4 out of 5 charges against Thailand’s Red Bull Heir expire, 1 remains

Thailand’s “Red Bull Heir” who killed a police officer in a hit-and-run in 2012 is still wanted 10 years later. Yesterday, the fourth out of the five original charges filed against Vorayuth “Boss” Yoovidya expired. However, the heir is still wanted under one valid charge: “reckless driving causing death.”

“Boss” – the grandson of billionaire Red Bull co-founder Chaleo Yoovidhya – became a fugitive after speeding through the Thong Lor area of Bangkok in his Ferrari, running over police officer Wichian Klanprasert and dragging his body through the road, resulting in his death.

Boss still hasn’t faced justice for the crime which occurred 10 years ago. As time goes on, his arrest warrants are expiring one by one.

Yesterday, Deputy Spokesperson of the Office of the Attorney-General Prayuth Phetchkhun revealed that the criminal charge against Boss for “cocaine use” had expired earlier than expected due to revisions made to Thailand’s Narcotics Act of 1979. The drug abuse charge was supposed to expire on September 3 this year.

According to Section 58 of the Narcotics Act of 1979, anyone who uses cocaine can be imprisoned for six months to three years. The new revision states that cocaine users can be imprisoned for no longer than one year.

The change to the law halved the arrest warrant’s limitation from 10 years to five years, causing’s Boss’s charge for “cocaine use” to automatically expire. The charges of “driving too fast” and “driving recklessly causing damage to property of others” expired back in 2013. The charge of “driving away from an accident without providing assistance” expired in 2017.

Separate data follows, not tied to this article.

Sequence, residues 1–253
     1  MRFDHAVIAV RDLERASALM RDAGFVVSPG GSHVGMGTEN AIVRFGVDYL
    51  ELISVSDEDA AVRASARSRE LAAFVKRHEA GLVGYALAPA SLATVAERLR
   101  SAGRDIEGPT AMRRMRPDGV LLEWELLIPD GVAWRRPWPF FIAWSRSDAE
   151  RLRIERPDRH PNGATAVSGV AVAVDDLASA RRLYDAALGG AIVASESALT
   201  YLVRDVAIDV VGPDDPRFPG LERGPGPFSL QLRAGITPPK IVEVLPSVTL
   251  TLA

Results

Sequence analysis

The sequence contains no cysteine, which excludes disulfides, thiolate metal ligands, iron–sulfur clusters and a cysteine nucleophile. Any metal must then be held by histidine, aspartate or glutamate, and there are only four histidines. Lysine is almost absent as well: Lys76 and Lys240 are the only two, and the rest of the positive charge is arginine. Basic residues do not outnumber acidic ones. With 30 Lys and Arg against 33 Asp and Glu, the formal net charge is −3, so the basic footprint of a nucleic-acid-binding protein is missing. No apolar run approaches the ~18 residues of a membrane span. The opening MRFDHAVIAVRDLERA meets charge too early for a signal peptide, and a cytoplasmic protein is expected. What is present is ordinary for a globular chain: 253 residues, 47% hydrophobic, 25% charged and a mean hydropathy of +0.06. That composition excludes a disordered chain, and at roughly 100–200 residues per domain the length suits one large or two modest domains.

At present, “reckless driving causing death” is the only charge remaining against Boss. Under Section 291 of Thailand’s Criminal Code, reckless driving causing death is punishable by up to 10 years imprisonment. The charge will expire on September 3, 2027.

So, Thailand has just more than five years to track down and arrest the Red Bull Heir if he is to be held accountable for the death of police officer Wichian Klanprasert.

In May this year, Thailand’s public prosecution committee unanimously agreed to kick ex-general attorney Nate Natsuk – the previous prosecutor in the case – out of the civil service for choosing not to indict the Red Bull Heir a long time ago.

The Red Bull Heir’s whereabouts remain unknown.


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Leah is a translator and news writer for the Thaiger. Leah studied East Asian Religions and Thai Studies at the University of Leeds and Chiang Mai University. Leah covers crime, politics, environment, human rights, entertainment, travel and culture in Thailand and southeast Asia.

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